I feel that at last I need to respond to John Daly's letter, "Liturgy" (September AD2000). I say "at last" because I have read many letters over the years which seek to demean what I do in my service of the Church, but Mr Daly's letter was exceptional in the breadth of its generalisation and in the uncharitableness of its tone.
I am a liturgical guitarist who has used his guitar for liturgical music for 30 years. I am sure for much of that time I was an "average church guitarist" (although this seems such a subjective qualification).
Mr Daly's view that "silence is infinitely to be preferred" to "strummed guitar accompaniment" is breathtaking in its exclusivity. God has given different people different talents, all of which are designed to be used for His glory, therefore, those who have a musical talent should be encouraged to use it within their parish, even if they are guitarists.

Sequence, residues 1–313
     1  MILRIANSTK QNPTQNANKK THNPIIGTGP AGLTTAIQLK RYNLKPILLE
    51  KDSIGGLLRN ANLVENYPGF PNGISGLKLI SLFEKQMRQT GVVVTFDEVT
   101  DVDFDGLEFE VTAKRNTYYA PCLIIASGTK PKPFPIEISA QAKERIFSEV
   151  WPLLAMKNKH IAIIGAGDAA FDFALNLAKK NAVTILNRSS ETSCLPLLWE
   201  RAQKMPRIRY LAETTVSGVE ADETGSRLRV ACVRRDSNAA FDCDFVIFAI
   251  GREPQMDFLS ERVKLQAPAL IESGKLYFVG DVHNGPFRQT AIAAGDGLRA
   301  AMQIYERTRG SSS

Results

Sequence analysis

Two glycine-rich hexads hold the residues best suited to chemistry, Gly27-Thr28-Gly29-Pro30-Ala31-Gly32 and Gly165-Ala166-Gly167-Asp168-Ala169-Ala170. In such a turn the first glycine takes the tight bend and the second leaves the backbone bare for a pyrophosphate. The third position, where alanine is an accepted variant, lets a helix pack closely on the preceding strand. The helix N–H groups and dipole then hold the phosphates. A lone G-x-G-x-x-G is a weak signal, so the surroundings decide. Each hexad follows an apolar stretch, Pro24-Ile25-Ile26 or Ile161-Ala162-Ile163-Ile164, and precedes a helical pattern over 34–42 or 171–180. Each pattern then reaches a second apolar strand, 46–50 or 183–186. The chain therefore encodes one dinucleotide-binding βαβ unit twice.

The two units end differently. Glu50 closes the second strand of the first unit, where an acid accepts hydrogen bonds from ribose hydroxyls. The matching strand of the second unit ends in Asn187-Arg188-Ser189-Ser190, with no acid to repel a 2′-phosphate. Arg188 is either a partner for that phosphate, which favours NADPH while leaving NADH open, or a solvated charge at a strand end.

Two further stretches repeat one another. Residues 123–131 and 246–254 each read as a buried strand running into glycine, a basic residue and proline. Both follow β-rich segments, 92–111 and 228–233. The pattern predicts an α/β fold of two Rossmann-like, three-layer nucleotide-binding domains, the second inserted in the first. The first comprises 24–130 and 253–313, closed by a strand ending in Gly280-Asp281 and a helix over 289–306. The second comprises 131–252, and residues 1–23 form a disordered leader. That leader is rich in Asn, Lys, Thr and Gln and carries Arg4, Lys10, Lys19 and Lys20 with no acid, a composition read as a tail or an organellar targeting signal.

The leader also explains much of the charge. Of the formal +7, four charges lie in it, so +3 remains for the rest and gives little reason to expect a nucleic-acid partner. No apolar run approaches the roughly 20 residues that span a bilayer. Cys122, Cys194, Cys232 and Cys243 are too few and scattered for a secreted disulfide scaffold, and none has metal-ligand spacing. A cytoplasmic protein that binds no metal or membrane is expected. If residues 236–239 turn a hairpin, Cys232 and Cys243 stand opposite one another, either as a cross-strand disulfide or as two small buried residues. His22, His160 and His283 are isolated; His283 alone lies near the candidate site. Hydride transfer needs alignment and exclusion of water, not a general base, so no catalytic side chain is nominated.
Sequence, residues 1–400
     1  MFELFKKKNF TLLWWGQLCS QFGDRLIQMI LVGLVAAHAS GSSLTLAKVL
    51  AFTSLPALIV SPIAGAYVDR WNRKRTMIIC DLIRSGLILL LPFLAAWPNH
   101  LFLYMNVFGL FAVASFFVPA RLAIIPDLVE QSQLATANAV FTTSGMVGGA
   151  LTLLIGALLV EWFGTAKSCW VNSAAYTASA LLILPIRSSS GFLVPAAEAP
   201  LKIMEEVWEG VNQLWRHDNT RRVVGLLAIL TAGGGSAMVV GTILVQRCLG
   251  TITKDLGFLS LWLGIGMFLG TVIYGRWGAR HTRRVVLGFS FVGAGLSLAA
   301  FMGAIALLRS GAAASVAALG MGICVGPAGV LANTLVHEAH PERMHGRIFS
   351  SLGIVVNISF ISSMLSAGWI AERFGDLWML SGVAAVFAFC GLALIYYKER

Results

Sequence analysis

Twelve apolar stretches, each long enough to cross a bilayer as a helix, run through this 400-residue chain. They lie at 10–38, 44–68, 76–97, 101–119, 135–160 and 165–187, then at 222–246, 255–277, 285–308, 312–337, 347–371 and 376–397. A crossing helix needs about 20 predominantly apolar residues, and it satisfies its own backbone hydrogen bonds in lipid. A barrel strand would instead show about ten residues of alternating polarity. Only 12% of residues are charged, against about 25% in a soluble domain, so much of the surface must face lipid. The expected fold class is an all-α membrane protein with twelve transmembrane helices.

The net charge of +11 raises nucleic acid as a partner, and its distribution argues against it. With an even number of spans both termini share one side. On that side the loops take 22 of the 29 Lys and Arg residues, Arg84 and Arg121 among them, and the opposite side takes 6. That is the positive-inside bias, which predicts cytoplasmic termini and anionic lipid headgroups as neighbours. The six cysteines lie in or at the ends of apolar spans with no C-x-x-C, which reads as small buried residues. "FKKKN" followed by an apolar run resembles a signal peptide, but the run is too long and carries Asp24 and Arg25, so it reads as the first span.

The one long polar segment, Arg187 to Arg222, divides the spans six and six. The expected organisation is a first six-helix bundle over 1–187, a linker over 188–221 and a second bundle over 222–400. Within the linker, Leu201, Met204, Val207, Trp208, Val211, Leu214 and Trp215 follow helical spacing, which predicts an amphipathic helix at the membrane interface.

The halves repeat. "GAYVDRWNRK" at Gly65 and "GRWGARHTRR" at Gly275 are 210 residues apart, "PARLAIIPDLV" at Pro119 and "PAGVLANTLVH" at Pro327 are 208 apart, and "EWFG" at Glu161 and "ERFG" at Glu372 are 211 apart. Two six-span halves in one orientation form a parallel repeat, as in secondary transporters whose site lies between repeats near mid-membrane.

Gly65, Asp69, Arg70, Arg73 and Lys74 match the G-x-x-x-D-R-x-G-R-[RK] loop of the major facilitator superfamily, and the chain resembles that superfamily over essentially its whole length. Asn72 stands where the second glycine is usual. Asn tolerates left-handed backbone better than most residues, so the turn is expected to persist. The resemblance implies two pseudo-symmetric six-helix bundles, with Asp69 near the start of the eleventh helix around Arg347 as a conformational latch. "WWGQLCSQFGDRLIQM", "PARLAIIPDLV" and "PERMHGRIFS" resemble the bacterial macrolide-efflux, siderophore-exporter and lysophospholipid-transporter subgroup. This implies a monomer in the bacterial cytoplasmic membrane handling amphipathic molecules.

Since the guitar has become an integral part of the music culture among many societies and peoples both in popular music and in art music, to exclude it and other instruments on the basis of the quality of its practitioners is unfair and hypocritical (there are many church organists who perform poorly).
The issue is more: the positive and practical encouragement that should be given to parish musicians to receive "genuine liturgical training" (Constitution on the Sacred Liturgy, Art 115) so that their "average-ness" is transformed into prayer.
I refer Mr Daly to the documents that deal with music in the liturgy and see if he, like me, hears the call of inclusion and the challenge to develop the offering of artistic talent.
Mt. Druitt NSW